2 that being so, if STAB moves unexpectedly, turn off STAB SWITCHES as generations of pilots have done ,and fly straight and level. Why not take control of the plane? You can.
3 MACS only works with autopilot out at high AoA slow speed
4 the fact MACS malfunctions or maybe is not we’ll designed which we don’t know yet, is not the cause of the crash. although it would be desirable if it worked in a sensible manner. Eg two AoA inputs, doesn’t repeatedly incrementally trim nose down and a limit on the number of trim wheel turns etc etc as postulated here.
5 this nose down trim goes back to the 707 which had a stick pusher- it’s not really a new idea at all
6 the cause here? Looks to me like we’re forgetting the basics and the accumulated knowledge of 50 years of operating the 737.
as someone said, the MAX is like a cart (or perhaps a 707)with a couple of computers and glass screens, but underneath it’s a very simple uncomplicated plane. Fly it 6/60 and it will fly. 6 deg nose up. 60% power. Like any other plane.
7 the stabilizer trim switches on the yoke-the ones you use all the time, cannot apparently override (apply automatic brake) against MACS. Now- That’s something very different from the previous models and if true an important issue. But not the cause.
Thats my ten pence worth for today
i would fly a Max in a heartbeat. Provided the pilots
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Old 18th Mar 2019, 20:35
  #1995 (permalink)  
 
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Originally Posted by flyingchanges View Post
How many of you know what the stab trim range is in normal flight on your type. Might be a good time to pay attention to where your most powerful flight control spends most of its time. I know for our ops, the 800NG lives between 5 and 6 just about all of the time.

If the jet is doing something you don't want with a flight control, do something about it. I would call it a runaway, you can call it what you want. Yes, the trim moves a lot when hand flying, but it never moves enough to need substantial column input to counter it.
Music to my engineer ears! Let me add that the 737 automatic stabilizer control should never drive your airplane away from trim if you are flying at a steady speed and an AOA well below stick shaker. If it does, take note. Speaking of stick shaker, when that is going on a 737 MAX and the flaps are up and the autopilot is disengaged MCAS is most likely active. MCAS can activate with indicated AOA less than stick shaker, but it has to be close and must be above the AOA for any normal trim condition.
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Old 18th Mar 2019, 20:39
  #1996 (permalink)  
 
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Originally Posted by jagema View Post
I know the requirement for MCAS is to have linear alpha forces on the column as it approaches high AOA, as required by certification, due to the new lift generated by the engine nacelles not previously found in previous NG models.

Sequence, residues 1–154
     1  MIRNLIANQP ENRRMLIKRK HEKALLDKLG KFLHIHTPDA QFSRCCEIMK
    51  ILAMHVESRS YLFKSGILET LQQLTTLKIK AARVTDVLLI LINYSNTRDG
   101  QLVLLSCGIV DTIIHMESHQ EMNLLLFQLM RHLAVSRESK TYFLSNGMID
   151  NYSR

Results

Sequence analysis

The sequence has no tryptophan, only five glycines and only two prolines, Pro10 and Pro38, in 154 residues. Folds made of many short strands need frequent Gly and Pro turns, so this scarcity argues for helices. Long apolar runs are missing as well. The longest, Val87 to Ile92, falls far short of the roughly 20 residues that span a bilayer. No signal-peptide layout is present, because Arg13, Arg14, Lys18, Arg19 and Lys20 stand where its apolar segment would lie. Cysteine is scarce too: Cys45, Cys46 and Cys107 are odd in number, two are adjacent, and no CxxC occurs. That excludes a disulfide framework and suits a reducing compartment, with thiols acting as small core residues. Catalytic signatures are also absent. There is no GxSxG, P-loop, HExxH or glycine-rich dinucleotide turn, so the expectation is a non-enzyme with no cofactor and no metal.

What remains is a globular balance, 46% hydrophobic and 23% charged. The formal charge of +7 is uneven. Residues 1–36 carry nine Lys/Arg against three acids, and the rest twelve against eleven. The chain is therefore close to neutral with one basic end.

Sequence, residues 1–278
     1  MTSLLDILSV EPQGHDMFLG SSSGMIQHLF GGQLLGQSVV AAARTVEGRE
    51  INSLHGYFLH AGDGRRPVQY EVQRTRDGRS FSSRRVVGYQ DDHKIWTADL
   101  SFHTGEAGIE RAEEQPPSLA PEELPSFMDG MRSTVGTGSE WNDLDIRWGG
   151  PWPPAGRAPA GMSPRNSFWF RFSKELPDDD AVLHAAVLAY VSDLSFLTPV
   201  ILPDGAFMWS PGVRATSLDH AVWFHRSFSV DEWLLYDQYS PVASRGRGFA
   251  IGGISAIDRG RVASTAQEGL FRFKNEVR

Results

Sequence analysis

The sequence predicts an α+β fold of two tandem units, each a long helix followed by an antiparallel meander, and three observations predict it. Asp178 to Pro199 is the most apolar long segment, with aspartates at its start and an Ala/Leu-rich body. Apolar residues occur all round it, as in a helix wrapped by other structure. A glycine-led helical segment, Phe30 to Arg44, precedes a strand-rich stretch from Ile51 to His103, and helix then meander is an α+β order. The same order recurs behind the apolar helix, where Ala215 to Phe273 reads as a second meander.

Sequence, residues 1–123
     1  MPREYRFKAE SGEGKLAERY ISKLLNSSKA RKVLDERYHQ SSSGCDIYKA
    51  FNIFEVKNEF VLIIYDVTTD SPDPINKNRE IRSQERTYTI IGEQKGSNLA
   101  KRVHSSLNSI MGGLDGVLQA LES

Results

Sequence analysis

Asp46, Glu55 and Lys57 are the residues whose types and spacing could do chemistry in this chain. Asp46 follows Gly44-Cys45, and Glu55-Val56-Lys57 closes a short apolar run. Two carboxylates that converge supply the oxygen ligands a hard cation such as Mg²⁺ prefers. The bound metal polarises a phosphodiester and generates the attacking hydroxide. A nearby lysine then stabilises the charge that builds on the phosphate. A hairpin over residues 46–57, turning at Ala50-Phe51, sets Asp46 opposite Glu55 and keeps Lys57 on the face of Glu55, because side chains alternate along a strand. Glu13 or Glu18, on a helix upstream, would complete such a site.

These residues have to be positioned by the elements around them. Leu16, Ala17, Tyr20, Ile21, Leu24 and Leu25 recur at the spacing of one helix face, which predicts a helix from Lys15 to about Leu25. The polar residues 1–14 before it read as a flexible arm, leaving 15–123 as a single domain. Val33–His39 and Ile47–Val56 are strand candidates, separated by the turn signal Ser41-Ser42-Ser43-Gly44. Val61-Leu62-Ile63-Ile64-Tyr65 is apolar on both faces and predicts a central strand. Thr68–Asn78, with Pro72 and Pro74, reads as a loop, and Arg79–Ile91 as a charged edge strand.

I was trying to explain pitch-thrust coupling.
Great and peace. We just need to be careful in an MCAS focused discussion not to give the impression that the 737 MAX engine issue that gives rise to the need for MCAS is thrust pitch coupling. Glad that we are of the same understanding here.
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Old 18th Mar 2019, 20:40
  #1997 (permalink)  
 
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Originally Posted by FCeng84 View Post
Got it, thanks for expanding. What I was wanting to know if you were pointing to an explicit command limit within the control system that would keep from asking more of the elevator actuators than they can deliver vs. a system that asks for everything that is available and takes what it gets when elevator actuators are driven with full available hydraulic pressure. I am familiar with both types of systems. In the case of the 737 the limit is hydro-mechanical in that the elevator actuator control valves are wide open but the elevator hinge moment is more than the actuators can deliver so the surface ends up at a less than full travel position. I am familiar with this being referred to as either "blowdown" or "blowback". Note that if you are flying with high enough dynamic pressure for that to be the limiting factor and you command full elevator with full column and you hold that column and you speed up, the elevator deflection will decrease as dynamic pressure increases. With reference to Star Trek, that's when Scotty says "She's give'n you all there is, there just isn't any more to be had." Glad to provide this answer once I was certain of your question.

This question is for FCeng84 who seems to be very specifically knowledgeable regarding the 737Max. Based upon what you are saying about how the elevator works, it does not seem that there would be a situation that would, either through control force, aerodynamic force or a combination thereof, preclude manual trimming of the stabilizer. True?
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Old 18th Mar 2019, 20:43
  #1998 (permalink)  
 
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Smile

Originally Posted by FCeng84 View Post